When the yield claims were busted with meticulous evidence of the scientific fraud adopted to show favorable results in support of GM mustard, the latest argument of all the proponents, drawing mainly from the crop developers, is that this is only a beginning and give us time to improve the performance. Can other Indian scientists say that too, and pass off their researched-varieties and hybrids in the evaluation and seed release system saying, pass it now and release it, notify it and I will improve it later?

Then comes this oft-heard argument from some authors which they repeat ad nauseum since their newspaper gives them space to repeat the same stuff again and again (incidentally, these papers refuse to carry any counterview like this one, because they are too biased) – that we are eating GM edible oil in India, and therefore, we must also allow production of GM oilseeds right here. Unfortunately, there are many who are repeating and saying, ‘yes, there’s a valid point there’. Sorry. It is foolish to equate that risks with consuming 20% of our edible oil in its GM version are similar to cultivating a HT GM crop in the country, with associated environmental and health risks. The health risks are obviously more direct both from the herbicide and the fact that GM mustard is going to be eaten in its leaf and seed forms too, not just oil.

What about the fact that GM HT mustard cultivation here will jeopardise employment to a tune of at least 4 crore women-days, for poor rural women in India, who will never be provided any alternatives? Who will think for them?

And to say that farmers will be the ones to decide is ridiculous. There are farmers and farmers, with agricultural workers also being farmers, and organic farmers also being farmers. Who amongst them will decide? What about consumers, since they will ultimately be the buyers of what the farmers produce and without them, farmers are not likely to find markets? Don’t they have a choice? It is so very obvious that this is a policy decision. To think that some meager dressed up so-called scientific data should be the basis of taking a decision on this is unacceptable. And yes, state governments will engage with this issue and take a stand. Yes, citizens will present their case. All of these factors weighing into any decision-making is being called as “politics”. I think such an understanding undermines the need for responsible and responsive decision-making. Narendra Modi should realize that science is definitely on his side on this one, when he chooses to reject this GMO. States are certainly on his side. His own allies and associates are on his side. Most importantly, there are many successful solutions on his side, that can be deployed with commitment and political will, to resolve India’s oilseeds crisis. It has been done before, and it is possible again. All of this is in policy-making domain, and policies have to have a vision for sustainable development, a vision that creates a win-win-win for all – farmers, agricultural workers and consumers, along with the environment.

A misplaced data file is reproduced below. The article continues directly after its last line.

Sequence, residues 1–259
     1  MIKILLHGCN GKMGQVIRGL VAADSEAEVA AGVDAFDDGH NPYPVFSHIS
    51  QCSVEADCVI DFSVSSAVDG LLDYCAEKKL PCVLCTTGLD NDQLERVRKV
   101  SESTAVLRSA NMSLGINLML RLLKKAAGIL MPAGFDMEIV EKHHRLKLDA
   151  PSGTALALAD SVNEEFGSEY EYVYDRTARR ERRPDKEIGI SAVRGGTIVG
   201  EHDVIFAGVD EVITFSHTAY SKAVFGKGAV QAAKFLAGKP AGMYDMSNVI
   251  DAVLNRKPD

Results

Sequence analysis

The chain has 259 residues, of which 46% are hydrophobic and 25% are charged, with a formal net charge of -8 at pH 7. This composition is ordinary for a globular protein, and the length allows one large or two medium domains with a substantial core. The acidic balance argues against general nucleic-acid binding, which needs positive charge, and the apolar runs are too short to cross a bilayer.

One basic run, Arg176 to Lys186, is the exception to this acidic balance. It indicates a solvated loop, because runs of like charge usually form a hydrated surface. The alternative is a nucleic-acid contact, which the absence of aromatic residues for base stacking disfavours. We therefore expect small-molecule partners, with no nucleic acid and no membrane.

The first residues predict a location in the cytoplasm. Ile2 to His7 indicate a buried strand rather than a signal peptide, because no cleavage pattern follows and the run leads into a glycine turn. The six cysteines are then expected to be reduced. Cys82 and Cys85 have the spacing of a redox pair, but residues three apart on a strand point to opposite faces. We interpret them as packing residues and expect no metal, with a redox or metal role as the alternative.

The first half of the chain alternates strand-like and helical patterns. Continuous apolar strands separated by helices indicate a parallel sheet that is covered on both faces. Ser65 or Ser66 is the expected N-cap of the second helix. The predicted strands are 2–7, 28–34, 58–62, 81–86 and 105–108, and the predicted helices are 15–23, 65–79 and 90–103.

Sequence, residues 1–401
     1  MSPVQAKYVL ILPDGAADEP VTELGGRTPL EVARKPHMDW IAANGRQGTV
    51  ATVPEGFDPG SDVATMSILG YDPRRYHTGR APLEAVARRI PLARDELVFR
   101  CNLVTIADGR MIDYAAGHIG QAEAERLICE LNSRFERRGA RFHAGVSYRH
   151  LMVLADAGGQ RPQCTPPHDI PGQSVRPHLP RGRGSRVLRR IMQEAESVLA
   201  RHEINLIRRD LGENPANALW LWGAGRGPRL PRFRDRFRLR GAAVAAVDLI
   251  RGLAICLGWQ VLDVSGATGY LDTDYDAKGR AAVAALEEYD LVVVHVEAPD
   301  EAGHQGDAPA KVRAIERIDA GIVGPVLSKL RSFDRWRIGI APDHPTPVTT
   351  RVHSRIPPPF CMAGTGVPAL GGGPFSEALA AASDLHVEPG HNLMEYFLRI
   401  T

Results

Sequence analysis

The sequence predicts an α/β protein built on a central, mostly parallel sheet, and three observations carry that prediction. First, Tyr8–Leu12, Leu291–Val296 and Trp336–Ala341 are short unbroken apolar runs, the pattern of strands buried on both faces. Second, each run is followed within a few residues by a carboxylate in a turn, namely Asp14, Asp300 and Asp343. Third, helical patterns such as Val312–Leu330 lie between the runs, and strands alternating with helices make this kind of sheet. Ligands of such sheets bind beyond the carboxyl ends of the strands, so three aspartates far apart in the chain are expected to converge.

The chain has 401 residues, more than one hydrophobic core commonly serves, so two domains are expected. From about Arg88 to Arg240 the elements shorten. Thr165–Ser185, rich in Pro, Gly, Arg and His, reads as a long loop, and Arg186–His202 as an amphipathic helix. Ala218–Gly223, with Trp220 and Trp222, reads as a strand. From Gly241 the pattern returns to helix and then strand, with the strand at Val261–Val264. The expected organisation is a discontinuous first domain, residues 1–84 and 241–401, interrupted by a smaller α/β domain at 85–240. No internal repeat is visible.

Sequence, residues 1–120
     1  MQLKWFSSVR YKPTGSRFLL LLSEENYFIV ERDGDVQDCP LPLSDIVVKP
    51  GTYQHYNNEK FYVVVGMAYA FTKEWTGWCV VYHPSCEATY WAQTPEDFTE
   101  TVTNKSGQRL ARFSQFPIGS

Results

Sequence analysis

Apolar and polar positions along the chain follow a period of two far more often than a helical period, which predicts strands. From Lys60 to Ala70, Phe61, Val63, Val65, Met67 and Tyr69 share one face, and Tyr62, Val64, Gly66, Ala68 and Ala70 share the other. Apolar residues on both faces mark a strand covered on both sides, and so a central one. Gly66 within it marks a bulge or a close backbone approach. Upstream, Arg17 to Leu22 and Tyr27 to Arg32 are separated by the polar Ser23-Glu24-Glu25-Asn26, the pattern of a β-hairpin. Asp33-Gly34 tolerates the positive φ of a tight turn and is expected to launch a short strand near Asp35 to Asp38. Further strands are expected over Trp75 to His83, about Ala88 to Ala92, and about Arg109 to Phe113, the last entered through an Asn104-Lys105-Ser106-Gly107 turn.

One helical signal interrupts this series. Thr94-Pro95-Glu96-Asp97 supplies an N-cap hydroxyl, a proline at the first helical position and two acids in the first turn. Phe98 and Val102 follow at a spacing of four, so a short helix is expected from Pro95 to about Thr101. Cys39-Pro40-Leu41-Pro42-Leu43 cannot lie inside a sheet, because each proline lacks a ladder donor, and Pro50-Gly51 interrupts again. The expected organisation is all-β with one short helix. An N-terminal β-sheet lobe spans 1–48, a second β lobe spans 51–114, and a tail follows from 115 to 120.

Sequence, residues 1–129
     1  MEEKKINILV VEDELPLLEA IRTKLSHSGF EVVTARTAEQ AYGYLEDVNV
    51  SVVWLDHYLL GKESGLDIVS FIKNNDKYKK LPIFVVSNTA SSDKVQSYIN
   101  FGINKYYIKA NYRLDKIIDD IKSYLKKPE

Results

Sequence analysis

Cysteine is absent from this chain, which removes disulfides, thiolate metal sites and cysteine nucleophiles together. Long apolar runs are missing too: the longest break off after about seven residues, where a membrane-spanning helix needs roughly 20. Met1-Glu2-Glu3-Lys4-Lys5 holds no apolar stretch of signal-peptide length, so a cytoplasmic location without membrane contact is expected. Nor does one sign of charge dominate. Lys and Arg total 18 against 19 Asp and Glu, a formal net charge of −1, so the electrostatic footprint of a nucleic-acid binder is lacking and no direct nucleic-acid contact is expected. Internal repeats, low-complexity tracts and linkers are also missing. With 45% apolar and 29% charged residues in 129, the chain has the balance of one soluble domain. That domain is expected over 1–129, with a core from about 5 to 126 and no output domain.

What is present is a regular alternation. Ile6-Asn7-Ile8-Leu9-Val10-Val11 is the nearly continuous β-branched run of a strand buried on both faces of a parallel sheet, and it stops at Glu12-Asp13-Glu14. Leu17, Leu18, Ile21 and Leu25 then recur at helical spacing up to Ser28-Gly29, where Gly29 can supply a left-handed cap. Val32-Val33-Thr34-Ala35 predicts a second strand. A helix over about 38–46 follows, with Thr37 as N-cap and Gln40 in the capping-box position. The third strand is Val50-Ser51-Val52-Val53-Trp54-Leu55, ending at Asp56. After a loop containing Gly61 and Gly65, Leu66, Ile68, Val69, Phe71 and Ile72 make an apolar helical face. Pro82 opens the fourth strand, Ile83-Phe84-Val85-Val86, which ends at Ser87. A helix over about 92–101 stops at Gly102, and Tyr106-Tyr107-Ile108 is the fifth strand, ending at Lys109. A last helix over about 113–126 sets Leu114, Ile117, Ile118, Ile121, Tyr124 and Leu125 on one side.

Time that